The setup of a community pharmacy where a community pharmacist works is quite distinct from a hospital pharmacy. Community pharmacies usually have large shelves with medicines arranged in a specific manner. Some stores organize them alphabetically; others consider arrangement according to generic, while a few also place them per the manufacturing company. Usually, more than one pharmacist attends to the needs of the customers. It differs from a hospital pharmacy as there is no satellite, in-patient, or out-patient dispensing concept.
Community Pharmacist Responsibilities
Community pharmacists dispense pre-formulated medicines to the customers and counsel them about their rational use. They check the previous refills for the medication to ensure the patient is not abusing the drug use. Reviewing the account helps them analyze and eradicate any possible drug interactions. A retail pharmacist may also have to manage the technical and non-technical staff in the pharmacy.
Similarities between Hospital and Community Pharmacists
- Hospital and community pharmacists dispense medicines.
- They counsel the patients about the rational use of medicine.
- Both obtain a Doctor of Pharmacy (Pharm-D) degree before choosing their respective fields.
Differences between Hospital and Community Pharmacists
A hospital pharmacist works in a hospital setup and formulates and dispenses medicines according to the patient’s needs.
A community pharmacist serves in an independent or in-store pharmacy.
Hospital pharmacists are also known as clinical pharmacists.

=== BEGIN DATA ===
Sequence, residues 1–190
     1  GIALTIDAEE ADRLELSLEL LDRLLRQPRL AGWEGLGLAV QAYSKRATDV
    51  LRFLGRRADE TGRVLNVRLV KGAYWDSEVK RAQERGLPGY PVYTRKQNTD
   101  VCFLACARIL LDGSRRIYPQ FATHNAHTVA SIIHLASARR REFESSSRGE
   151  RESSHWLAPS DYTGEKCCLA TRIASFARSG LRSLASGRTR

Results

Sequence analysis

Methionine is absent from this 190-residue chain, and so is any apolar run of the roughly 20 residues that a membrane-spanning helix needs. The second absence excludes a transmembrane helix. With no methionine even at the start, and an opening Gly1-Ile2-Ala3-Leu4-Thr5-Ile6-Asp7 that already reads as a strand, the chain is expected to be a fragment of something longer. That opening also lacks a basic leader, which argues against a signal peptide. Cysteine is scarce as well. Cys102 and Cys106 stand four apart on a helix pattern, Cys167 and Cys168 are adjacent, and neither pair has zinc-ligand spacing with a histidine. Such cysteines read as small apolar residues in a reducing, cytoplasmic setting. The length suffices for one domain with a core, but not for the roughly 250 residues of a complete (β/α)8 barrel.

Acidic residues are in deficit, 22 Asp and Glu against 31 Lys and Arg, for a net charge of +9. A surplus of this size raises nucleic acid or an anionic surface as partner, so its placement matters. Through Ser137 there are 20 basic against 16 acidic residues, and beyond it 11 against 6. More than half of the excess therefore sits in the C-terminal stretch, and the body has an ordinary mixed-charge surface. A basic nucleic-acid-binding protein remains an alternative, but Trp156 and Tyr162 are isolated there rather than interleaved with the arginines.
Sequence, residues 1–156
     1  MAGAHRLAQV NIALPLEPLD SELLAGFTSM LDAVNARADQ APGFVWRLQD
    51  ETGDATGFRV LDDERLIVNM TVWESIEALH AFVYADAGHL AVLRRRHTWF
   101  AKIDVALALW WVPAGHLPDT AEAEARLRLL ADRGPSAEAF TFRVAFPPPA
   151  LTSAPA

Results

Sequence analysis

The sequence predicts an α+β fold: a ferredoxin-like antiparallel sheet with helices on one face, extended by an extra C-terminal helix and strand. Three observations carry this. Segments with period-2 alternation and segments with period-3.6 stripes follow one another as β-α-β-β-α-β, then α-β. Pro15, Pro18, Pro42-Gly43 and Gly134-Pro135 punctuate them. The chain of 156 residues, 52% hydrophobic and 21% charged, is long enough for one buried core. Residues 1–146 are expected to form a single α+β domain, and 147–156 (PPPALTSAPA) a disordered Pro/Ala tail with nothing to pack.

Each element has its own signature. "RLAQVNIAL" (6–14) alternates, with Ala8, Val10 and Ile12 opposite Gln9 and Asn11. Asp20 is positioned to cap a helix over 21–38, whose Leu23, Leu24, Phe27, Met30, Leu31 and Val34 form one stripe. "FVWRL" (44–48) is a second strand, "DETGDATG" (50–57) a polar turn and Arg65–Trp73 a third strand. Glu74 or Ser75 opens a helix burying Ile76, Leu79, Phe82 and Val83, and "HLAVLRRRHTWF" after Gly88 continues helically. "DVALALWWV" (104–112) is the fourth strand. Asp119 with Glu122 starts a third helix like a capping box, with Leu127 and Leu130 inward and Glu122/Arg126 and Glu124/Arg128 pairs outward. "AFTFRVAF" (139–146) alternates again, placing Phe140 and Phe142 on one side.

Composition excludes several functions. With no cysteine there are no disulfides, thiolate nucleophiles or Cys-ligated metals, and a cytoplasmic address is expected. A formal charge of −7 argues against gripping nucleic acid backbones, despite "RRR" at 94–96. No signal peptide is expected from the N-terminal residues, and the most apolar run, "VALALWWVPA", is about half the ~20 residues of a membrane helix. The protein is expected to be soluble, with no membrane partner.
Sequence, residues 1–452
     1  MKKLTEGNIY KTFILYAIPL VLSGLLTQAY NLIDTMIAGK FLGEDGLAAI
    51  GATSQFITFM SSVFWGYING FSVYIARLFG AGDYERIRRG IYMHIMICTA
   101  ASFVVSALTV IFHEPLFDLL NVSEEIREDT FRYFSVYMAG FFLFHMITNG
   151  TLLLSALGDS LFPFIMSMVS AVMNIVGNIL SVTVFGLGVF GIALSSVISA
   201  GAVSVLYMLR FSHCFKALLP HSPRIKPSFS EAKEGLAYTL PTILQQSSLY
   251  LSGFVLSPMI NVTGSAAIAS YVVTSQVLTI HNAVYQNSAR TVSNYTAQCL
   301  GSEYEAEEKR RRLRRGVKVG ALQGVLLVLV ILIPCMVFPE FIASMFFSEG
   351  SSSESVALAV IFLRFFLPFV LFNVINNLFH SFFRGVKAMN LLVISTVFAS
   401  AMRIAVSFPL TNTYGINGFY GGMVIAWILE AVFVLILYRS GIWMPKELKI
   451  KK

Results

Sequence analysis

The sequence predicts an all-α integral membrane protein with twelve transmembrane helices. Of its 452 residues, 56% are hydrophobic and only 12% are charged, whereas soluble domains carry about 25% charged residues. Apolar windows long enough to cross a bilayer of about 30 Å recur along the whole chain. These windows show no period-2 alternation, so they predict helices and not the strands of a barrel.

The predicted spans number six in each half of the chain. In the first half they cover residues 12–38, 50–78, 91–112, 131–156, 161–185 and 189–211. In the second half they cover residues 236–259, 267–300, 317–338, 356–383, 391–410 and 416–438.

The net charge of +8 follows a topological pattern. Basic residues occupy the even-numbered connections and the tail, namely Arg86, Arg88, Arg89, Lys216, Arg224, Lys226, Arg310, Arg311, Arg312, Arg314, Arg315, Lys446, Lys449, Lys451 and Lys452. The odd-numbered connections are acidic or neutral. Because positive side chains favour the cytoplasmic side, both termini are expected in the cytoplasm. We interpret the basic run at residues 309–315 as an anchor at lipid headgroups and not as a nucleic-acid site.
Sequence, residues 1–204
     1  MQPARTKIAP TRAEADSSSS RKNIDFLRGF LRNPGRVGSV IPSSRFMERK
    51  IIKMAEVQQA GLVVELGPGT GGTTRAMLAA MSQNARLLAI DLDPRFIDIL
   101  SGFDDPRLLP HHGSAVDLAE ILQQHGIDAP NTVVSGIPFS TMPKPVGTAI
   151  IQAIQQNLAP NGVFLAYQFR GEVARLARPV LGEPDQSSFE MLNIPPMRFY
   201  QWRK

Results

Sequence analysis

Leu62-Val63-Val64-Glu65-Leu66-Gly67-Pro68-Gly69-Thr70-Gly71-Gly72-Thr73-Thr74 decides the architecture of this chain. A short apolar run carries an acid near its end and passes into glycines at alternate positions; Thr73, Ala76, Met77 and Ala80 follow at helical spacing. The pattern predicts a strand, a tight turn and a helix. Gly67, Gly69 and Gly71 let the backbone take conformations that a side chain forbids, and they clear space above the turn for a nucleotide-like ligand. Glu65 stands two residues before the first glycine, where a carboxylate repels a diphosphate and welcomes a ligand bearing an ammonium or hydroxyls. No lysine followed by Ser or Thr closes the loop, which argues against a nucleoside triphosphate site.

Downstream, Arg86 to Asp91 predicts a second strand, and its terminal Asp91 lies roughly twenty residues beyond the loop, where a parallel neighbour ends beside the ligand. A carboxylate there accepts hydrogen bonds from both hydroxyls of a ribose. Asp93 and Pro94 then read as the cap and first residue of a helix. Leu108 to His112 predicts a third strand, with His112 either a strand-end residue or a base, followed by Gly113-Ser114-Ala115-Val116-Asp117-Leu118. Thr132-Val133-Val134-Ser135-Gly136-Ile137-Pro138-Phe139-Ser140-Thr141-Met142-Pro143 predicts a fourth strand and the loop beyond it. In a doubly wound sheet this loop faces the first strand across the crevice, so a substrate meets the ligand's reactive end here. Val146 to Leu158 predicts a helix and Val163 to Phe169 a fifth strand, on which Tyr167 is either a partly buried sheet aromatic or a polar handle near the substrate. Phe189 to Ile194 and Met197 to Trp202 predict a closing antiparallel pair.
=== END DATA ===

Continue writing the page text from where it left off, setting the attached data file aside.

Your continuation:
Community pharmacists are often referred to as retail pharmacists.
Pharmacists require a 2-year residency program after obtaining the Pharm-D degree to work as hospital pharmacists.
A community pharmacist role does not necessarily require residency; you may join a community pharmacy without it. Further requirements depend on your region.
Hospital pharmacists compound and dispense medicines to in-patient and out-patient departments. They also prepare IVs and other formulations per need for infections or diseases.
Community pharmacists monitor the inventory, dispense pre-formulated medications and ensure adequate prescription filling.
Hospital pharmacists interact with the doctors, nurses, and other staff in the hospital. They also communicate with the patients directly and keep a check on their health.
Community pharmacists do not necessarily interact with the patient as the customer may or may not be the consumer. They manage the technical and non-technical staff in the pharmacy.
Hospital pharmacists usually work around the clock in shifts. Some hospitals have 8-hour shifts, a few require 12-hour turns, while some have longer calls. However, most hospital pharmacists work alternate morning, evening, and night shifts.
As retail pharmacies typically operate during the day, community pharmacists work 8 or 12 hours per need. Some community pharmacies offer 24-7 service and have fixed staff for each shift.
Hospital pharmacists earn between $26,758 and $716,922 annually. The median salary for a hospital pharmacist in the US is around $124,464.
Community pharmacists earn between $99,417 and $126,079 every year. However, the average salary for a community pharmacist in the US is approximately $115,120.
The Bottom Line
Hospital and community pharmacists are essential to provide quality healthcare to patients. They dispense medicines adequately with proper counseling. Despite similar functions, there are a few differences between hospital and community pharmacists’ responsibilities. The former takes care of patients at the hospital through timely monitoring, formulating, and dispensing of medicines. On the other hand, community pharmacists dispense medication and devices to customers. Both fields require a Pharm D degree and contribute to patient care in specific ways.
Anna has completed her degree in Pharmacy from the University of Hawaii. She is serving as a research assistant in a pharmaceutical company. She had a great interest in writing blogs, traveling to different parts of the US, and trying delicious recipes in her spare time.